Also at Friday's Beaufort County Board of Education workshop:
- The board had a lengthy discussion of drop-out rates at the county's five high schools. Board Chairman Fred Washington Jr. and superintendent Valerie Truesdale have challenged the board to consider ways to improve the county's 69.9 percent on-time graduation rate.
- The board unanimously approved that the district register with the free Energy Star program, which district officials say will help them continue to decrease the district's energy usage.
- The board unanimously approved about $10 million in construction and capital projects at schools across the district in 2014.
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Beaufort County School District superintendent Valerie Truesdale will retire by this time next year.
The surprise decision was announced Friday during a Board of Education work session. Truesdale, who was hired in 2007, said she had made the decision after conversations with her family in recentmonths. Her husband recently retired, and her three children and her grandchildren don't live in the area.
"My kids were on my case," she said. "They said, 'Mom, you're never here.' "
She also said a overhaul of the state's retirement system made it more advantageous for her to retire sooner rather than later.
Truesdale has not put a date on her retirement, but said it would be within the next 12 months.
"I wanted to give (the board) a lot of notice and time to think ahead," she said.
School board chairman Fred Washington Jr. said Truesdale's announcement was "emotional."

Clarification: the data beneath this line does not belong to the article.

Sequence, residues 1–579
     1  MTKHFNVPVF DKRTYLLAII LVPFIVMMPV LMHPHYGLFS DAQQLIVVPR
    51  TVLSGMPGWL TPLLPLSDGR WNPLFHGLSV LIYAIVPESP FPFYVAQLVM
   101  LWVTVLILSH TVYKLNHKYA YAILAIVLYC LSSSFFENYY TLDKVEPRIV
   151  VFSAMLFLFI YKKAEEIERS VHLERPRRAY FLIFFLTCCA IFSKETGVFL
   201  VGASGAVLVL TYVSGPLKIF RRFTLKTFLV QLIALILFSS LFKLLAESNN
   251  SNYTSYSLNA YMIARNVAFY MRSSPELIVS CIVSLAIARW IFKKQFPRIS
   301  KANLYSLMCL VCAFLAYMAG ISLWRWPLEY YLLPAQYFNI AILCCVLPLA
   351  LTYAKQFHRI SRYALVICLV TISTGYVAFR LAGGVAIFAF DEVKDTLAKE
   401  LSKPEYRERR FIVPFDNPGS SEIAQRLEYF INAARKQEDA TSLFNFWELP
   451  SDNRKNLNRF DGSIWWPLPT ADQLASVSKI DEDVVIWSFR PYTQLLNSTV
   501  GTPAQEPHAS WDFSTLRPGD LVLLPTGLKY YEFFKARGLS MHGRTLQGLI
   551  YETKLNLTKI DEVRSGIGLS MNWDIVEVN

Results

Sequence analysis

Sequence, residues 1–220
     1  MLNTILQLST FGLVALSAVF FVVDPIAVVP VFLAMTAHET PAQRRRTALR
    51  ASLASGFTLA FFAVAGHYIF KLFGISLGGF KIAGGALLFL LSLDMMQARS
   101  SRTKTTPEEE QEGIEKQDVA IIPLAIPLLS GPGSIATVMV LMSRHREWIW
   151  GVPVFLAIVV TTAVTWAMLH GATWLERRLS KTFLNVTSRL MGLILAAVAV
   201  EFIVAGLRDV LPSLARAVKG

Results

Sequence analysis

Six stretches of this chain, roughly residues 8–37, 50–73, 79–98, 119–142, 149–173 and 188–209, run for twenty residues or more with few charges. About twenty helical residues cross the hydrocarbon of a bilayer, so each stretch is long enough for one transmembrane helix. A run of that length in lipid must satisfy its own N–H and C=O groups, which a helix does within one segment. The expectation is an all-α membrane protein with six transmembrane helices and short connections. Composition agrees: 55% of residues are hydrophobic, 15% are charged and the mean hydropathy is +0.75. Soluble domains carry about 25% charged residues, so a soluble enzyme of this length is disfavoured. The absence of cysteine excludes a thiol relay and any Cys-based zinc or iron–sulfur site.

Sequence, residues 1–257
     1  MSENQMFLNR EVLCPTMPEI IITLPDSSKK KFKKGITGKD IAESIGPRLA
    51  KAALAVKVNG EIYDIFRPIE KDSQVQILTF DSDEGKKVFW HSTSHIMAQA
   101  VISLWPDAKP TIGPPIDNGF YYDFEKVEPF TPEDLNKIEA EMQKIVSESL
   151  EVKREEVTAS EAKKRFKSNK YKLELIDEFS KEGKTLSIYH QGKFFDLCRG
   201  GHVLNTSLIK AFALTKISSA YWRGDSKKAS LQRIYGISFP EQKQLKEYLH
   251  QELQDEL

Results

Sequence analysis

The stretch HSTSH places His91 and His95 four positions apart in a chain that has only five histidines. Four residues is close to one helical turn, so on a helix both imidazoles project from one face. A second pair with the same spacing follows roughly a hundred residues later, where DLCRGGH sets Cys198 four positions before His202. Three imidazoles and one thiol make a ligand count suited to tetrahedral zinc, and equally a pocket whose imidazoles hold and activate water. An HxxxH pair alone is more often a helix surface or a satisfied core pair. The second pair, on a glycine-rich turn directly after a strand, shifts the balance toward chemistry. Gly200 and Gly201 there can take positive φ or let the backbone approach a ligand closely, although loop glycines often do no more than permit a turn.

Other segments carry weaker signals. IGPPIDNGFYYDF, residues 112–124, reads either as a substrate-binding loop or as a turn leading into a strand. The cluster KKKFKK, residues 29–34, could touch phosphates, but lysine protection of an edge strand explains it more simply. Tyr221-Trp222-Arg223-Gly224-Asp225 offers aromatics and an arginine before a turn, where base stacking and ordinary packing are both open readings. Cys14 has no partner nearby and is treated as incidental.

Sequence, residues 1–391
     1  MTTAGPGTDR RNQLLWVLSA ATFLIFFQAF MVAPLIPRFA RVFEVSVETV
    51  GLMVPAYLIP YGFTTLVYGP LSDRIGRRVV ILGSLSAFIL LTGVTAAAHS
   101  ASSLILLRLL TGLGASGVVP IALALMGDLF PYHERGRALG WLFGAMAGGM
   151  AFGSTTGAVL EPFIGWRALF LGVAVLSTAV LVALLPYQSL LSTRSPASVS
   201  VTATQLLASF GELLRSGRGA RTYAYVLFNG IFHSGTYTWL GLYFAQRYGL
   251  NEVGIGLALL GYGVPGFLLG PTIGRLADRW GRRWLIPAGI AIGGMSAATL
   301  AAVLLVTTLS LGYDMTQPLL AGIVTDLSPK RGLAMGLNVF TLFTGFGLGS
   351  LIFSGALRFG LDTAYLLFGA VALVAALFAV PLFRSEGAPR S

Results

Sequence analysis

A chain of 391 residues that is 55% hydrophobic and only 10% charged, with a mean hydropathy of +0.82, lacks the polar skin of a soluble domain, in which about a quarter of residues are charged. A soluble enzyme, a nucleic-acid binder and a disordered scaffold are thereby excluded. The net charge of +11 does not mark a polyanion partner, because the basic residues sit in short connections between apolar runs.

"It's unexpected," he said. "We've been working so intensely together for a period of time ... it throws you for a bit of a loop."
Truesdale said she reached many of the goals she set when she arrived at the district.
Student achievement and stanardized test scores have improved. So have the district's state report-card grades -- no schools were rated as "at-risk" in 2011, and most of the district's schools were "average" or above. In 2008, the only just over half the schools earned that rating.
"That's clear data of how things have changed under her leadership," Technical College of the Lowcountry president Tom Leitzel said. Leitzel and Truesdale have worked together to establish the early college program at Whale Branch Early College High School and other projects. Leitzel called her retirement a "loss for the community and for the school district."
Truesdale said she's proud of helping to establish a culture of respect and responsibility in the district. Coosa Elementary principal Carmen Dillard agreed.
"She's been wonderful at talking to us and having us all pull together and work for a common cause," Dillard said.
Washington and some district staff said they hope the next superintendent will keep the momentum rolling.
"I'd like to see another change agent," Hilton Head Island High principal Amanda O'Nan said. "Someone who continues to move us forward academically and put students first."
Truesdale's tenure has not been free of controversy. She presided over the opening of Whale Branch High and other Whale Branch area schools -- construction of which was approved before her arrival -- which some community members opposed. The district closed Shell Point Elementary this year, and almost 200 staff positions have been cut during her time as superintendent.
The board has not set a deadline for hiring Truesdale's replacement, Washington said, but a clearer timeline likely will be established in the next week or so.
Truesdale said she's looking forward to slowing down. She's owned property in Beaufort County for at least 20 years, and she used to travel once a month to watch sunrises on the beach, she said. Since she's become superintendent, she's seen perhaps five sunrises in five years, she said.
"I moved here to enjoy the Lowcountry," she said. "I enjoy my work, that's why I put in the hours I do, but you get to a point where you have to stop putting in those hours."